Our aim with this study was to explore how the implementation of AI in health care practice has been empirically investigated in the research literature. We found that research on implementation of AI systems is mostly published in high-income countries, covers many different clinical settings and disciplines, and predominantly focuses on care providers as users. The AI models are primarily symbolic or knowledge based, use automation or optimization technologies, and are mainly used to perform tasks related to recognition. AI systems are predominantly intended for clinical care, particularly clinical care pertaining to patient-provider encounters. Most possess no action autonomy but rather support human decision-making. The focus of most research is on establishing the effectiveness of interventions or related to technical and computational aspects of AI systems. Focus on the specifics of implementation processes does not yet seem to be a priority in research, and the use of frameworks to guide implementation is rare.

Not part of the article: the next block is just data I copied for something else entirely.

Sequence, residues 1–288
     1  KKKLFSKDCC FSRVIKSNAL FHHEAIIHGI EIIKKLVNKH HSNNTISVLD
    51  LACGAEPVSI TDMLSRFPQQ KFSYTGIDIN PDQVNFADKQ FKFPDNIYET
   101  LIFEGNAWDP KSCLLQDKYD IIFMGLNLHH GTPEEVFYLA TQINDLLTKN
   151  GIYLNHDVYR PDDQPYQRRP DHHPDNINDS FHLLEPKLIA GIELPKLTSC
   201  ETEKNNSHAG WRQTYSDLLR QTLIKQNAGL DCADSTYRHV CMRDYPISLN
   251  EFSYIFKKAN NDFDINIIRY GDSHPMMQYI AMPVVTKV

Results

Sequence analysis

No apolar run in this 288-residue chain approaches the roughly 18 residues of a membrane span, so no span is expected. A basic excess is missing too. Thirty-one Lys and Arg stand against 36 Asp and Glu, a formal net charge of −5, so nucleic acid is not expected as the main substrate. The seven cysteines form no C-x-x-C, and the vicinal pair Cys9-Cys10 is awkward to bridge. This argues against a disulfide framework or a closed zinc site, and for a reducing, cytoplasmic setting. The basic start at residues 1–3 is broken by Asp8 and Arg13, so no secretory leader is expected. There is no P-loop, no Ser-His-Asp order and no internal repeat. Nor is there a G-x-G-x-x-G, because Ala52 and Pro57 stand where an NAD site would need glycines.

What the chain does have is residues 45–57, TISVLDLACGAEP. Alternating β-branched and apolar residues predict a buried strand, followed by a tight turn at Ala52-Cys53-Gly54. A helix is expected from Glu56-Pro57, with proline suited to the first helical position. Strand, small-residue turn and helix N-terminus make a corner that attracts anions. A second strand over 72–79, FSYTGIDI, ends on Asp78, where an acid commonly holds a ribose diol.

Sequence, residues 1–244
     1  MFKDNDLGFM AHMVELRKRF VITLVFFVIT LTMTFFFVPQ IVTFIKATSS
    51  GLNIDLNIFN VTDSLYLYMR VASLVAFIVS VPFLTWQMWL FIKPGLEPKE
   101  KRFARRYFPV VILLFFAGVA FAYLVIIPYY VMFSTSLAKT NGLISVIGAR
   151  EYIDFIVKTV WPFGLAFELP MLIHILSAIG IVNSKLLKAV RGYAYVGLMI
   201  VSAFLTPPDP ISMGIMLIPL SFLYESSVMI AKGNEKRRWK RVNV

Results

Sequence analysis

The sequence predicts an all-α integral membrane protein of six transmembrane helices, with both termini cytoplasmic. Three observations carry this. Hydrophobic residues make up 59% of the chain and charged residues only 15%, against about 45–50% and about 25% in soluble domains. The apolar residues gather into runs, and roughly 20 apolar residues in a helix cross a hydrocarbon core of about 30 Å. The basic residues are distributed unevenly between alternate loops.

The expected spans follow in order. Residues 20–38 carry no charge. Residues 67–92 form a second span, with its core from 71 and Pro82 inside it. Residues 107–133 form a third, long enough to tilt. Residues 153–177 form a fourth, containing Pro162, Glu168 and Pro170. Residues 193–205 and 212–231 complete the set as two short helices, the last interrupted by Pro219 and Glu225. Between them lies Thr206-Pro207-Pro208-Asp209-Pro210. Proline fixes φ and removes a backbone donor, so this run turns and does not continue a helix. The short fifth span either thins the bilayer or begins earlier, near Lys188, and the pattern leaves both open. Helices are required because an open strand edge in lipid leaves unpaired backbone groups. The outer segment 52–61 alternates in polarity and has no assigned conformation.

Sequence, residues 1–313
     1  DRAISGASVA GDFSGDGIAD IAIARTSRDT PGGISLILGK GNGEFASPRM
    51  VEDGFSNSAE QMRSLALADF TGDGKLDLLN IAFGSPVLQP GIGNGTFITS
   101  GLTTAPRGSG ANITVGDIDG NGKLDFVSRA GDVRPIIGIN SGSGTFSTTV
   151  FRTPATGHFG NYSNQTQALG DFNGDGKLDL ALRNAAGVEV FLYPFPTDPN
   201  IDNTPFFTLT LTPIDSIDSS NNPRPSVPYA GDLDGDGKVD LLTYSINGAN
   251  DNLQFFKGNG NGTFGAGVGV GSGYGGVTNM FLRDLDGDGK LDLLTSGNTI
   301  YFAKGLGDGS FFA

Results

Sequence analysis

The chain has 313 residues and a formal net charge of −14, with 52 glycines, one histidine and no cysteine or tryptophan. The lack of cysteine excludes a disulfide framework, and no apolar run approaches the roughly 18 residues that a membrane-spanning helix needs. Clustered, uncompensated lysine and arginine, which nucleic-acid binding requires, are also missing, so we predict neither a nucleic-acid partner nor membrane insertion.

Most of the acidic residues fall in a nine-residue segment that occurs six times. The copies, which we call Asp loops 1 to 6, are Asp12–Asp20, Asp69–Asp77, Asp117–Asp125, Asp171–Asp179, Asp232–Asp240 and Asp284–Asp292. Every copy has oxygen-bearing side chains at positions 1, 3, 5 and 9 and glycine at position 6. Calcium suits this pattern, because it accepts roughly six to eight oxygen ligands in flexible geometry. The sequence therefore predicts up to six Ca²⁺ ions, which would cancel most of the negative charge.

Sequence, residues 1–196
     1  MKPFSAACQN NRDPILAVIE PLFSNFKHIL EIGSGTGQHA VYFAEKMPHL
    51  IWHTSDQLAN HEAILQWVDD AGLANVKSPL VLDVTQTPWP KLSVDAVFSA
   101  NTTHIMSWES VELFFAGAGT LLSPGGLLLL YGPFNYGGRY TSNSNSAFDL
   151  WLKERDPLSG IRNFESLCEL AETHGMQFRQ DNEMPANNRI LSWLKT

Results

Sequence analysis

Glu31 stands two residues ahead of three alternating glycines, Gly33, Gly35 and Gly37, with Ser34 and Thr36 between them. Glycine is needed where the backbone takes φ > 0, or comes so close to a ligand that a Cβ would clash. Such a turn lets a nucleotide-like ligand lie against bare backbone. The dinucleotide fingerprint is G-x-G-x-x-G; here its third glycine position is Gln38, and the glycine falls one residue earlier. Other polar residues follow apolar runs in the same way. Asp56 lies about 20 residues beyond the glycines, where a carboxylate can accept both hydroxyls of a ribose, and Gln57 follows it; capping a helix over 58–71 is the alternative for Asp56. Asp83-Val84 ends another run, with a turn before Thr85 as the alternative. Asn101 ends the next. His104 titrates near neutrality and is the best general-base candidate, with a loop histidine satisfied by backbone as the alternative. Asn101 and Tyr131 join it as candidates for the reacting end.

Most of the studies were published very recently (2020-2022), which is unsurprising given the temporal distribution of AI health care studies. Research on AI implementation in health care is predominantly conceptual in nature, dominated by commentaries, perspectives, opinion articles, and conceptual frameworks that raise important questions and issues but without much-needed empirical evidence [- ]. As the empirical evidence base for the implementation of AI solutions in routine health care is still narrow and premature, it limits possibilities for generalization both for practice and for the advancement of methodological approaches. Most of the articles were published in high-income countries, particularly the United States. This finding is consistent with the more developed digital health infrastructure, routine use of electronic health records, and big data initiatives in North American and European countries and aligns with other reviews of AI applications in various fields of health care [ , , ]. The many different clinical settings and disciplines could corroborate the data-driven nature of health care; the fact that AI is highly applicable; or that because of its nascent state, AI is still being tried in many different contexts. Given the focus on clinical care, it is not surprising that the intended users were mostly health care providers, particularly physicians. A recent scoping review on the use of AI in primary care found a similar predominance of physicians as target end users [ ]. This suggests a view of AI systems as tools to support decision-making by physicians rather than other health professionals. It was surprising to find a scarcity of implementations of AI applications to handle infectious diseases (except for the study by McKillop et al [ ]), given the overwhelming attention given to, and funding provided for, the management of the COVID-19 pandemic in 2020-2022. Another underrepresented area where AI holds a strong promise is mental health (except for the studies by Bennett [ ] and Rahman et al [ ]).